I vividly remember visiting Alfonso Ossorio at his estate at the Creeks in East Hampton. It was probably sometime in the very late 1970s, when Julian Schnabel was enjoying his first phase of artistic notoriety. Schnabel had recently been to see Ossorio, and his name was mentioned (and neatly dismissed) in the course of my conversation with Ossorio and his companion Ted Dragon. For example. when the subject of Schnabel’s collage paintings made with broken plates came up, Ossorio, who had made works with a certain similarity a few years earlier (see the examples here), smiled sweetly and said: ‘Oh yes, he told me what adhesive he uses. They’re all going to fall apart.’
In those days, and since, there was, and still is, some doubt as to how Ossorio should be categorised. Was he primarily important as a pioneer collector, notably of the work of Jackson Pollock, who had been his friend, and then of Dubuffet, and other European practitioners of Art Brut? Or was he important as a creative power in his own right? One got the impression that Schnabel had adopted a rather patronising attitude to his hosts. This had clearly been a tactical mistake.
In fact, as this carefully selected exhibition demonstrates, Ossorio has every right to be considered as an important actor in the story of what happened to art in the decades following World War II.
He was both an insider and an outsider. He came from a wealthy Filipino family, and was of mixed heritage – Spanish, Filipino and Chinese. He had formed very early links to the Abstract Expressionist Movement, many of whose most important participants were immigrants to America like himself, though he had material advantages that were denied to most of the other big names. Curiously enough, however, Pollock, the major member of the Ab-Ex movement with whom he got on best, was in fact the most thoroughly and indubitably American of the lot – a non-immigrant, unlike, for example, Mark Rothko.
His Spanish surname suggested possible links with Latin America, but in fact these didn’t exist. He was, however, cosmopolitan enough to slot very easily into the immediately post-war art world in Paris, as this began to revive. Ossorio went to Paris to meet Dubuffet in 1950, the year before he bought his big estate at the Creeks, where he spent the rest of his life, and the extensive acreage there became a home for Dubuffet’s Art Brut collection.
Ossorio’s own work shows strong traces of Dubuffet’s influence, as well as of influence from Pollock. Pollock appears clearly enough, for example, in the painting Persistence, dated 1950, with its tangle of looping lines. But Sing for Your Supper, from the next year, is very different in its presentation of two figures – one quasi-human, the other a bird. The looping lines are still present, but they are subordinated to larger, representational forms. The male profile, facing right, would be at home in Dubuffet’s work.
I think one can detect several factors at work here. Because Ossorio was independently wealthy, he could please himself. He had no need to conform to whatever stylistic rules might be in force at the moment when a particular work was being made.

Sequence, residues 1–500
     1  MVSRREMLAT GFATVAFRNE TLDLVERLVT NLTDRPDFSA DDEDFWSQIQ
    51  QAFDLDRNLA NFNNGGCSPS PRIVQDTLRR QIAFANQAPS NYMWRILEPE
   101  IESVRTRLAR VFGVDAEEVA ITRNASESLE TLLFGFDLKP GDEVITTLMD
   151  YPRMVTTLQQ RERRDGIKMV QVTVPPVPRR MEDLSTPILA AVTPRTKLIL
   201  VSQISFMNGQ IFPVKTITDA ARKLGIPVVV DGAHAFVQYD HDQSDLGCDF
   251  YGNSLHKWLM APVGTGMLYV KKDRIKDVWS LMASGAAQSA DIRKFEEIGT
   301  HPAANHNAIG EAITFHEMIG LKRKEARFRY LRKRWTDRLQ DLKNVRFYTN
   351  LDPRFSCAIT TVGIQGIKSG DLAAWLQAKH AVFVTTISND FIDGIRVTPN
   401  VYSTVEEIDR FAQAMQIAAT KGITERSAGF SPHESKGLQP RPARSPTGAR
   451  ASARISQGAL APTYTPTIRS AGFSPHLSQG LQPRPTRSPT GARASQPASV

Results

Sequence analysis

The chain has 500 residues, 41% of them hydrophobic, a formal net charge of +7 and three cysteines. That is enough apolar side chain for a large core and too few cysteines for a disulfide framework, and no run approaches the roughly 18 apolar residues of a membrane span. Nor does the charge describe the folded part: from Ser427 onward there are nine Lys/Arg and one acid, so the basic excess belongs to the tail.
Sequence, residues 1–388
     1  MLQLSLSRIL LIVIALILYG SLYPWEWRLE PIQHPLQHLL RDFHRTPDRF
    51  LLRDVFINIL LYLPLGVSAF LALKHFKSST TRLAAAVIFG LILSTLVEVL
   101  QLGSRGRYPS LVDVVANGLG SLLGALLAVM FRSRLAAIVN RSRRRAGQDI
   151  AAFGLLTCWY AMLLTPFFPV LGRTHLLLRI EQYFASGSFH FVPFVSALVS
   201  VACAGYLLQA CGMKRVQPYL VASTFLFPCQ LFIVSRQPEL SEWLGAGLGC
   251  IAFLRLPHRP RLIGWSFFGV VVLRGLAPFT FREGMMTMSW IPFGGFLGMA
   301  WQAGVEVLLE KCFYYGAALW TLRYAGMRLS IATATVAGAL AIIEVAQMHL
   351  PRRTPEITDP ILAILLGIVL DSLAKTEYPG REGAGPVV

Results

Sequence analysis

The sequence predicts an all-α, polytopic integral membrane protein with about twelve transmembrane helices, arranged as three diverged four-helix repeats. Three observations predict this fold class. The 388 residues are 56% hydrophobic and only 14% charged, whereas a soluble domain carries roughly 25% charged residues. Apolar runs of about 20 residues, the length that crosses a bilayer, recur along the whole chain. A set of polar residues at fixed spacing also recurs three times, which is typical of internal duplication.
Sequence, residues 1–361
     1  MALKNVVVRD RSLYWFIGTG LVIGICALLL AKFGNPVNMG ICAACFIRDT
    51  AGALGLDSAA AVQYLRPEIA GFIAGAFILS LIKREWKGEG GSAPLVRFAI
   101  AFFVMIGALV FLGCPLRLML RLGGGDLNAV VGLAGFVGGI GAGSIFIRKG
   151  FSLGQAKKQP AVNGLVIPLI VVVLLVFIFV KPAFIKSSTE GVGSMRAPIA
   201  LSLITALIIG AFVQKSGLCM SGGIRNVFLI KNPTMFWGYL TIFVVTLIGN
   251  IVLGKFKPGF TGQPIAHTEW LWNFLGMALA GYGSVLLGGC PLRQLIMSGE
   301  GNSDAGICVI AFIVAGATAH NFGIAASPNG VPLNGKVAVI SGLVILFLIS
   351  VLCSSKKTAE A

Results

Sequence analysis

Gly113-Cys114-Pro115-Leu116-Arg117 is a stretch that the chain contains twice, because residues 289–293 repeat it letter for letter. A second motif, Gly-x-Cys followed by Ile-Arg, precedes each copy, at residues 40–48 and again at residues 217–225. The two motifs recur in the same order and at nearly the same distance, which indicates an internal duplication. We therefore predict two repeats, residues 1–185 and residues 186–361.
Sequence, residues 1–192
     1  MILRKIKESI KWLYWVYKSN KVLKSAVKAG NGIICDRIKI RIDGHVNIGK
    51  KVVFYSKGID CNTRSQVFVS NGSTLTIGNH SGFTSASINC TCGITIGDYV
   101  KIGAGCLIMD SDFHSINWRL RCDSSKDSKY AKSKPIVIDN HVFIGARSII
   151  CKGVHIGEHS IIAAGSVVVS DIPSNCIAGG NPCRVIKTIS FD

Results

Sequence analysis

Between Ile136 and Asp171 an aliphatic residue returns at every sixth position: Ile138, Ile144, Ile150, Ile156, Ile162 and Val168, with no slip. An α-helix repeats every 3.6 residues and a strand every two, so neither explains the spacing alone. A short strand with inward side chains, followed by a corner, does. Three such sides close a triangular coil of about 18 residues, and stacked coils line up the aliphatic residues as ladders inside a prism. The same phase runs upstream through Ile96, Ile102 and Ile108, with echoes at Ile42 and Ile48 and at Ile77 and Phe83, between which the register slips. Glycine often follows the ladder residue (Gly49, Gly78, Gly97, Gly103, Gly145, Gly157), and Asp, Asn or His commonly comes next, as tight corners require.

He also benefited from belonging to no particular cultural group. He lived and worked, certainly during the first twenty years of his career as an artist, during a period when the art world was a much smaller place than it is now. In many ways his nearest equivalent was perhaps Wifredo Lam – a Cuban of Chinese, Amerindian and African ancestry, who found a home for his art within the broad confines of the International Surrealist Movement. Both were quintessential; insider-outsiders.
Ossorio’s most radical works are his assemblages. Examples here are Mother and Child (1972) and Port Adain (also 1972). The materials these two compositions are made from are completely heterogeneous, but separate parts – for example the doll’s head and the tribal mask in Mother and Child – retain stubbornly separate identities of their own.
In fact Ossorio’s great strength as an artist lies in his ability to conflate different cultures, without being absolutely the client or prisoner of any of them.
Looking at him now, nearly a quarter of a century after his death, what strikes one most of all is his sinuously sophisticated cosmopolitanism. He is not an Abstract Expressionist. He is not a Surrealist (despite the suggested comparison to Lam). He is not simply a disciple of Dubuffet’s Art Brut.
He is all of these things and none of these things, just as the moment offers. He is in fact one of the real unclassifiables of mid-20th century art – very much a player, but unwilling to sacrifice his identity to any concise description.
Edward Lucie-Smith is a regular contributor to The London Magazine as well as the author of more than a hundred books in all, including a biography of Joan of Arc, a historical novel, and more than sixty books about art, chiefly but not exclusively about contemporary work.